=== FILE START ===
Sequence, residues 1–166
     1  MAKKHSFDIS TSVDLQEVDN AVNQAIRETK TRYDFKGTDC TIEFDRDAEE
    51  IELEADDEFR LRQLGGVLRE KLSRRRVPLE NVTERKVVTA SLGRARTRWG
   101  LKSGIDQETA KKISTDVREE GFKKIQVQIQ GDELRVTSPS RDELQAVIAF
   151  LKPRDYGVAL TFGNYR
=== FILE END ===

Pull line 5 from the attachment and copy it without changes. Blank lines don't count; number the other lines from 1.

   151  LKPRDYGVAL TFGNYR